A major issue underlined was how we present the work of Black authors—from cover design to cover copy and similar assets. Emma Paterson, literary agent and director at Aitken Alexander, shared a poignant insight: “Too often, I see copy that elides character, story and form in favour of the ‘issues’ that the work interrogates, or the ‘take-aways’ that it teaches. For one thing, teaches whom? For another, every time I read copy like this, I think to myself: ‘But who is the novel about? What happens to the characters in this book? What do they feel? How do they change?’ It may seem a trivial complaint, but I think it speaks to a foundational challenge: how to publish Black fiction writers not as educators but as the storytellers and form-innovators that they are, and have always been.”
This goes hand-in-hand with a comment from a publishing employee who asked to remain anonymous: “More training needs to be done with editors who are not from a BAME background when they come across manuscripts they are not normally ‘accustomed’ to reading.” We considered how white editors are often praised for publishing authors of colour, but editors of colour feel vulnerable to pigeonholing for doing the same. Conversely, white editors are rarely probed over their all-white lists.
Empowering Black authors and employees
Many agreed that one of the most powerful ways to empower Black authors and employees is to allow them to express their views on a variety of topics, not just their Blackness. We heard stories of companies that announce new employees with no mention of their qualifications or publishing interests, merely evidence of their brownness. Others where junior employees are called the name of sometimes two or three other Black people in different roles, even as white counterparts with identical names are easily distinguished.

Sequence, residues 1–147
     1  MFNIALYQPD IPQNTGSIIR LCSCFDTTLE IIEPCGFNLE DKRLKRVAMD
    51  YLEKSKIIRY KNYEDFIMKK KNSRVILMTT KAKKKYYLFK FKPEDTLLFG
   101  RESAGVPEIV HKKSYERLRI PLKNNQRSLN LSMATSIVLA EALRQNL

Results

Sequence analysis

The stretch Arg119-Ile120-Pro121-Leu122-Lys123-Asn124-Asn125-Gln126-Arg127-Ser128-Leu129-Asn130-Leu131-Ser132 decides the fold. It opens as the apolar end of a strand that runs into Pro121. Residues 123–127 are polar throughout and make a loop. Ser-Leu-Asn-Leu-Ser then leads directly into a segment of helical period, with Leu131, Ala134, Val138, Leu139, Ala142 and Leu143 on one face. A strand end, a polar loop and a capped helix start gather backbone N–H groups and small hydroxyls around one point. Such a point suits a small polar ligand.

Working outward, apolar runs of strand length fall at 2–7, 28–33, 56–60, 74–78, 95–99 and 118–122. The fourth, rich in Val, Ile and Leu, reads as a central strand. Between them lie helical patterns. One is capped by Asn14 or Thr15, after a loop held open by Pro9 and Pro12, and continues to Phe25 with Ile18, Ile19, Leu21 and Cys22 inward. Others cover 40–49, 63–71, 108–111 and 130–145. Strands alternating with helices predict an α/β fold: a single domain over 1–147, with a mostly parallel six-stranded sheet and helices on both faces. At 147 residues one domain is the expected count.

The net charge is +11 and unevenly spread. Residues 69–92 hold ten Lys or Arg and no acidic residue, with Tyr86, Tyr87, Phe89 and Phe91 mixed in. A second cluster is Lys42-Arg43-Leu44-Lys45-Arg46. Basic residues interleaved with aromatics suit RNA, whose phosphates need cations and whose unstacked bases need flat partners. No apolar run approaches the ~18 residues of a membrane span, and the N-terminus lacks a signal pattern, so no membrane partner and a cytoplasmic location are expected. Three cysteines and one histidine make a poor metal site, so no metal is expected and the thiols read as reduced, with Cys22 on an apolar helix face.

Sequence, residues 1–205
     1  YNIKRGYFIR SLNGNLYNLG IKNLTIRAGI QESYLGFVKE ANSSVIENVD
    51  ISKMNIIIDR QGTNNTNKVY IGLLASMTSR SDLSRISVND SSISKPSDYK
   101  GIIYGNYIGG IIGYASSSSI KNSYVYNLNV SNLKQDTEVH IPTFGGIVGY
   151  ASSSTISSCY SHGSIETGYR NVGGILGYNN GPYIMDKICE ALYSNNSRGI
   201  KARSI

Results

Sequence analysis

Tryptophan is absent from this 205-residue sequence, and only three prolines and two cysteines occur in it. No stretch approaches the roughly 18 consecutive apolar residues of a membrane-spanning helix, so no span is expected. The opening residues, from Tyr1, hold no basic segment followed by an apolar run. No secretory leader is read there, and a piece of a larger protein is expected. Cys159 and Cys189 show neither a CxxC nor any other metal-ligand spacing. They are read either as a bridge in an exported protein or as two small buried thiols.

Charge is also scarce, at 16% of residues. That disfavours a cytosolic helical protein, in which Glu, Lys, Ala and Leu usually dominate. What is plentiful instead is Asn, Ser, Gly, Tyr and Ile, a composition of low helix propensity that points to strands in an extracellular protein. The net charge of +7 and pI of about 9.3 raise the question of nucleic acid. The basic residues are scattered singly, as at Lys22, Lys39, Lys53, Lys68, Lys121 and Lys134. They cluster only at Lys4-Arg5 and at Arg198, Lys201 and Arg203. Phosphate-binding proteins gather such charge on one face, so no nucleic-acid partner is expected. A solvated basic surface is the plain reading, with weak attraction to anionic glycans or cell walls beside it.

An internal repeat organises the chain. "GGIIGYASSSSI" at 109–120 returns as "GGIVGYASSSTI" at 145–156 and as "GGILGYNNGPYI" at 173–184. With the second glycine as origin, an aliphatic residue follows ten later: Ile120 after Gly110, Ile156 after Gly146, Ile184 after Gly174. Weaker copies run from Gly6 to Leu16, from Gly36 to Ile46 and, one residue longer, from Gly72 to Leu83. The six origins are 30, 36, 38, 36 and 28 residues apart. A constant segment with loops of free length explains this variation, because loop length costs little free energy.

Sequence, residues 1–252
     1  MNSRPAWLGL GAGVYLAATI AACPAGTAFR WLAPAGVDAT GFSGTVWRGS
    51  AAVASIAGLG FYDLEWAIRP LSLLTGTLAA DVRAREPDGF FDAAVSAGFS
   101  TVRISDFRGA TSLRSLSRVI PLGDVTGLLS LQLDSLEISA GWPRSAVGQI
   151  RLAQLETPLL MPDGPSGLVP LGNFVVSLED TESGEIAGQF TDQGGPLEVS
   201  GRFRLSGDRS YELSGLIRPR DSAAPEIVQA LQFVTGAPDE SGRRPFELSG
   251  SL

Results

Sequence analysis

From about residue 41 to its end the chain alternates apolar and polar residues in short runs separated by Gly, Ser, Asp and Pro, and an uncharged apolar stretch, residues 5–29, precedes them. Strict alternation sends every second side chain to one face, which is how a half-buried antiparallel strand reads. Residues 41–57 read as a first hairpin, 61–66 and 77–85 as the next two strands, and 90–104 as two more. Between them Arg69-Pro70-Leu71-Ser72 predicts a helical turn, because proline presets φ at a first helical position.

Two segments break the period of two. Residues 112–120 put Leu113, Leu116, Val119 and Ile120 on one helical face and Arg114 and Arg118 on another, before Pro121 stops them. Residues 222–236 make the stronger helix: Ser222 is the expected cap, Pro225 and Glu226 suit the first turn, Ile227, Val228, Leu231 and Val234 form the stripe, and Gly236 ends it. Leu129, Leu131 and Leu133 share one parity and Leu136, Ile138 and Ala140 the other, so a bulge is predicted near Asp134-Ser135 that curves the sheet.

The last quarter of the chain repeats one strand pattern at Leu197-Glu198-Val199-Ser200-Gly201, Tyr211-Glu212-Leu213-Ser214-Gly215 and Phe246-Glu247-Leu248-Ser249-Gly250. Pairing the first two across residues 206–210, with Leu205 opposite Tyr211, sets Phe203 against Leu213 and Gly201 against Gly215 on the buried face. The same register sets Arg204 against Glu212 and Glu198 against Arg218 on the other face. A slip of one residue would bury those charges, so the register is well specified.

On publishing more Black authors, Natalie Jerome, literary agent at Aevitas Creative, said: “The current publishing ecosystem continues to operate through a very narrow prism, struggling, it feels, to redress old imbalances and startled by social media, which shines a light on these glaring omissions. It doesn’t need to be or feel this painful. Black authors have much to say and share for everyone to read and enjoy and in every genre. We’re not asking permission from gatekeepers who currently don’t look like us to tell our stories. We’re here to share our stories so that we understand, learn from and accept one another as people. For that is the business of books. We don’t need permission to publish!”